Drawing and Painting on the Same Canvas

Don't Ignore The WhisperIt used to be that when I wanted to draw with graphite or charcoal I worked on paper and framed the final image under glass. But lately, I’ve been working on stretched canvas, incorporating graphite and charcoal with acrylic then covering the completed image with a final coat of varnish. With no need to frame.

The process lets me work larger; gives me the opportunity to use graphite/charcoal which I love working with; and I can still add layers of color and texture which are so important to my work. The only downside to working like this is it sometimes becomes a step-by-step process where I create an interesting background to work with my concept, draw with graphite, then finish with acrylic. It can be difficult to work back into the background and around or over the graphite design – but hey, you just have to jump in and make the changes without fear if you think something’s not working.

This piece “Don’t Ignore the Whisper” is painted on a 24″ x 18″ gallery stretched canvas. I started with a color plan; worked the background with various layers of color and texture (texture meaning gel medium or visual texture created with the paint or a shop towel), then the¬†canvas is covered with a thin layer of TriArt’s dry media ground. When the ground dried, I created the pencil drawing.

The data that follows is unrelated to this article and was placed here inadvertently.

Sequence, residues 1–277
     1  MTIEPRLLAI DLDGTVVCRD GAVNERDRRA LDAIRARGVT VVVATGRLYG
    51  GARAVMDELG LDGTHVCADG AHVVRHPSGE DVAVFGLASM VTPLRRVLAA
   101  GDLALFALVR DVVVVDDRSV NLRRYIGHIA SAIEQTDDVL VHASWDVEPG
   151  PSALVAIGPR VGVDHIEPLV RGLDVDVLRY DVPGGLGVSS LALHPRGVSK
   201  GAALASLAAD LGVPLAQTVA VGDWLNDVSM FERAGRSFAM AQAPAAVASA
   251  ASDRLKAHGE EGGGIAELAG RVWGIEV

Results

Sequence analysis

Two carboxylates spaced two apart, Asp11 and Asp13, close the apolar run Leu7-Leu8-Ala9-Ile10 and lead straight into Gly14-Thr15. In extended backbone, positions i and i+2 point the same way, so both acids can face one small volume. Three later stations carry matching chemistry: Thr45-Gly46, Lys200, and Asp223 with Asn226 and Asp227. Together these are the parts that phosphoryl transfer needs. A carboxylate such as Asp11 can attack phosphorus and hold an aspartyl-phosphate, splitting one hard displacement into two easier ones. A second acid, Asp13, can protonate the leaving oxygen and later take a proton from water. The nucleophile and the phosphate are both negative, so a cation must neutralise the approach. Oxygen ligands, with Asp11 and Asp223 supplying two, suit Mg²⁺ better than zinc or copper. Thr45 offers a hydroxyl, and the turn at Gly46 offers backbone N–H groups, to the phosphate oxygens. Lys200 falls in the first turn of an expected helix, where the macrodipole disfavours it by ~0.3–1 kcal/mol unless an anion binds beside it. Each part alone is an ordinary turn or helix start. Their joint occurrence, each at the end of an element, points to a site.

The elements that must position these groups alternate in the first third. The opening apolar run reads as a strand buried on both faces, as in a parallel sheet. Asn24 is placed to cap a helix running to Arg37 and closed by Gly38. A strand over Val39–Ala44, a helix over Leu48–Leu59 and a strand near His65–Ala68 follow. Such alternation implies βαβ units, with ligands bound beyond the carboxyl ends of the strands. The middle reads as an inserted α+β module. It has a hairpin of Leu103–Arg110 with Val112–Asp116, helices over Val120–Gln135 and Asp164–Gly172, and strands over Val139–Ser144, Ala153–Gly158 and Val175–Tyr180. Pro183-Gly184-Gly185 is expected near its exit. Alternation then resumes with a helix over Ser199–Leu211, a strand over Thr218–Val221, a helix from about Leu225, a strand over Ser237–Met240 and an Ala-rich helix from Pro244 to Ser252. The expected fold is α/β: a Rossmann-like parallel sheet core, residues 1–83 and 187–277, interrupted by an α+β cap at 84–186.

The dry media ground is much coarser than most papers so it eats up graphite. It also can make harder grades of pencil appear like softer grades simply by grabbing more of the graphite. Try a sample piece first if the pencil grade is important to you.

When I felt the drawing complete, I topped the canvas with a layer of gloss gel medium, let it dry, then proceeded to paint, mostly with knives and cut stamps. Also note the dark scratches at the bottom of the painting. For these I took a razor blade and scratched into the gel medium then dusted some charcoal into the incisions. The painting gets another layer of gloss gel medium then topped with a layer or two of acrylic varnish (matte for me) and it’s done.

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